Having stated the NB205’s positives, I need to emphasize that having used this machine, I firmly believe that Tim Cook was right to suggest that Apple couldn’t build a netbook it would be proud to sell at these sorts of prices. Toshiba has made some relatively great PCs. It has also made some remarkable little pocket computers, including its early Librettos, which seemed to defy reality years ago by running a full version of Windows XP in a small book-sized form factor. But the NB205, which is supposed to be one of the very best netbooks ever made, and is up to prior Toshiba standards, still does not have the completely quality out-of-box look or feel of even the lowest-end MacBook. It, like virtually every netbook out there, is not a product today’s Apple could ever release.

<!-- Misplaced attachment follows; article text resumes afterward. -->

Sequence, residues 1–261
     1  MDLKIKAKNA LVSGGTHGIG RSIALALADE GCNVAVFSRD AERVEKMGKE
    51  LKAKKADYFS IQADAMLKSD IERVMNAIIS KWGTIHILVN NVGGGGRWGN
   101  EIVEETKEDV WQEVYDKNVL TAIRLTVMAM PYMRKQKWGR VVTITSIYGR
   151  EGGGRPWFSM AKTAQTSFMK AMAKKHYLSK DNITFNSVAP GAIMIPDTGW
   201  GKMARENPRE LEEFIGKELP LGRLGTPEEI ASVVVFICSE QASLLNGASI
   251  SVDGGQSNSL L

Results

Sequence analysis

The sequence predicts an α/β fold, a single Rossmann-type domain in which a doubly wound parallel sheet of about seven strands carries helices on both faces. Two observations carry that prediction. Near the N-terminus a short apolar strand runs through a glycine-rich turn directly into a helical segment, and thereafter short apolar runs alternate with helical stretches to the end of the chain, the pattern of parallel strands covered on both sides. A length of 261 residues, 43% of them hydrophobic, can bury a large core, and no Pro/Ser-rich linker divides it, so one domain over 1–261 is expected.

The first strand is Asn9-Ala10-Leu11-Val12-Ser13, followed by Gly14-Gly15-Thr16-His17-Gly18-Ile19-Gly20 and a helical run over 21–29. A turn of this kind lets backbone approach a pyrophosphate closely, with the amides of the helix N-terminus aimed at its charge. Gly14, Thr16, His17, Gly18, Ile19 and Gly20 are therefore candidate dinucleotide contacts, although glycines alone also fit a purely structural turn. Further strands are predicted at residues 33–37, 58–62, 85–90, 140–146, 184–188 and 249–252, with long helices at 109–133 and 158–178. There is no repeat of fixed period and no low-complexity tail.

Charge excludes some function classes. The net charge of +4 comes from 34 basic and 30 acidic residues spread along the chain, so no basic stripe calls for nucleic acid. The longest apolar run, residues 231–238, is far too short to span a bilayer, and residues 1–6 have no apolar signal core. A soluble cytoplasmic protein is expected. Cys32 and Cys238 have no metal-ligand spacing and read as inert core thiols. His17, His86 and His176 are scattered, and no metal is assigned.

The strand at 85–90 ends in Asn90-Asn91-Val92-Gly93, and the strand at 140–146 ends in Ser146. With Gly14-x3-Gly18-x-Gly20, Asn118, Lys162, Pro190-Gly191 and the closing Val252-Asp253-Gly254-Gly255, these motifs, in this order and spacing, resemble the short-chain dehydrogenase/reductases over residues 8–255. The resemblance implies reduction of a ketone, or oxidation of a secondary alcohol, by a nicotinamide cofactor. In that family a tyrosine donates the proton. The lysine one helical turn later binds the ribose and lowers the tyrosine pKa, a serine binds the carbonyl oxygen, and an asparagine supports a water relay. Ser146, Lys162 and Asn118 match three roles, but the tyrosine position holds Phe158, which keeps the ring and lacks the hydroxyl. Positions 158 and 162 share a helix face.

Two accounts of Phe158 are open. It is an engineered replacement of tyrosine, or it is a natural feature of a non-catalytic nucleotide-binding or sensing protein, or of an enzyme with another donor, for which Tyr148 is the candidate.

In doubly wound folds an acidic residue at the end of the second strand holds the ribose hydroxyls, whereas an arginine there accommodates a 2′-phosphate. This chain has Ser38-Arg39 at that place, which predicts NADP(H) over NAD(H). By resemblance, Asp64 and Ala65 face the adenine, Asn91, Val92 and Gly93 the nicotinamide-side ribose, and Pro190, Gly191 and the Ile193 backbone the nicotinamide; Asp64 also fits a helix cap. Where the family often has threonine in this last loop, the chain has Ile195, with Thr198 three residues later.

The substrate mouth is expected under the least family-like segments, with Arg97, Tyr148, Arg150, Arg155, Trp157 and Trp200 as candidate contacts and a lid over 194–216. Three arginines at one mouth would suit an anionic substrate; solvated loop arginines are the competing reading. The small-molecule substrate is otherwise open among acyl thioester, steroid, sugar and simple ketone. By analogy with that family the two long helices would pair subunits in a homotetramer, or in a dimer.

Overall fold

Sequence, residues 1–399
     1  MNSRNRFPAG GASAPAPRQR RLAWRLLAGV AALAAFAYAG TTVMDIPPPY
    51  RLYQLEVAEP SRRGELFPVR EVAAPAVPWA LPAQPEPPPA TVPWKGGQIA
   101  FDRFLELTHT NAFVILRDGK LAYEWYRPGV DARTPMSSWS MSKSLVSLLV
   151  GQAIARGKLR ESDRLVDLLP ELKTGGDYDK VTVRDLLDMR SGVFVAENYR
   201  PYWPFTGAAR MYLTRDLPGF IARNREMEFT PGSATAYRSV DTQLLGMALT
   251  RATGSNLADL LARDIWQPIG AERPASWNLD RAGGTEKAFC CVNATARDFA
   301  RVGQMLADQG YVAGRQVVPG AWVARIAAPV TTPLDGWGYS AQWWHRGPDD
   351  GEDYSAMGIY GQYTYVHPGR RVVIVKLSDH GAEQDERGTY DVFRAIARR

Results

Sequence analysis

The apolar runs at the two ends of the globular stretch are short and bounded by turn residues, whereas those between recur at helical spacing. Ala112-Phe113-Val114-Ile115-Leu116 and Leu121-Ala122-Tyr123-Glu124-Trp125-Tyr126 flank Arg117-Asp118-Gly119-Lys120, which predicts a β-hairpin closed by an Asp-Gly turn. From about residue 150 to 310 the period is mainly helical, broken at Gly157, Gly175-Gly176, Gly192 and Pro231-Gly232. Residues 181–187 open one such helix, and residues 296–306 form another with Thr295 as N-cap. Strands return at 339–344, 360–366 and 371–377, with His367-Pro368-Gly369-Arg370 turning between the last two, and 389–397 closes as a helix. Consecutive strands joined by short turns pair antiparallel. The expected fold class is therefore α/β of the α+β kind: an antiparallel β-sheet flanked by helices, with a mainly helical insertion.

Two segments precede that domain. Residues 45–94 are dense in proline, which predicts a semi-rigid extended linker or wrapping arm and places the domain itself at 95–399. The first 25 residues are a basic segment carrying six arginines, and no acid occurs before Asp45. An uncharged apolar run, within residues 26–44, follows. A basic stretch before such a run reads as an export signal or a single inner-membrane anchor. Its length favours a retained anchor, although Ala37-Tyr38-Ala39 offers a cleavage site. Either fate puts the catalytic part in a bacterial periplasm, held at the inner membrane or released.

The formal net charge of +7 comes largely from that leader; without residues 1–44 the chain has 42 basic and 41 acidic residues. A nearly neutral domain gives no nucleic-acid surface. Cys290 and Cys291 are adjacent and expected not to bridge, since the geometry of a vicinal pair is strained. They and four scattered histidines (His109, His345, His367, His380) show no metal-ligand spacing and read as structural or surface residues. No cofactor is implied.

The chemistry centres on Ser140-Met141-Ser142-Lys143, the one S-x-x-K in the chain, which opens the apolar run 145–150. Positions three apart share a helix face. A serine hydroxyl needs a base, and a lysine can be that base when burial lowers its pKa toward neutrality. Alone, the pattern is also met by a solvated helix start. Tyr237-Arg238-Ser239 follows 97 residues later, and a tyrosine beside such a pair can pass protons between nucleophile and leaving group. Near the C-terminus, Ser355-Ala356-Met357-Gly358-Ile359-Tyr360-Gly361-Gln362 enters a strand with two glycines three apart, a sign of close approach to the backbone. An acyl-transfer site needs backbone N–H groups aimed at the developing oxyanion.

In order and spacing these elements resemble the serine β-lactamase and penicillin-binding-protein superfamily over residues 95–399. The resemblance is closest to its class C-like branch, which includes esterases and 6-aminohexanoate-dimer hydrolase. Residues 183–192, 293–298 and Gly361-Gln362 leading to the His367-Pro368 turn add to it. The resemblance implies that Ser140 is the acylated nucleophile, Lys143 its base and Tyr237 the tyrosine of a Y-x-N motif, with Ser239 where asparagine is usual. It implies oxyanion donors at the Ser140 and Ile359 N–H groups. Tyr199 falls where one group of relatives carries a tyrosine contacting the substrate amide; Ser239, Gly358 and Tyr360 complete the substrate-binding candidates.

The power supply is a big, junky mess of bulging parts and Velcro. Its trackpad’s buttons creak. The screen, covered in a thin sheet of plastic, feels like a constant reminder of how nice even the plastic MacBook’s screen is, and its bezel isn’t the same color as was advertised or shown on the box. There are cheesy diagonal lines running through the trackpad, the bezel, and the top casing. And the keys are covered in secondary icons that just feel unnecessary and confusing. The various stickers on the machine could all be pulled off, their adhesive peeling with a little extra rubbing alcohol, but what was left at the end is still undeniably a somewhat cheap-feeling, cheap-looking PC. And this is the more expensive version—one that has been praised by PC publications all over the place as being better than its peers. The $350 one is apparently worse, thanks to a less impressive keyboard, which due to confusion in model numbers you mightn’t realize you’re obligated to deal with if you want a NB205 in black.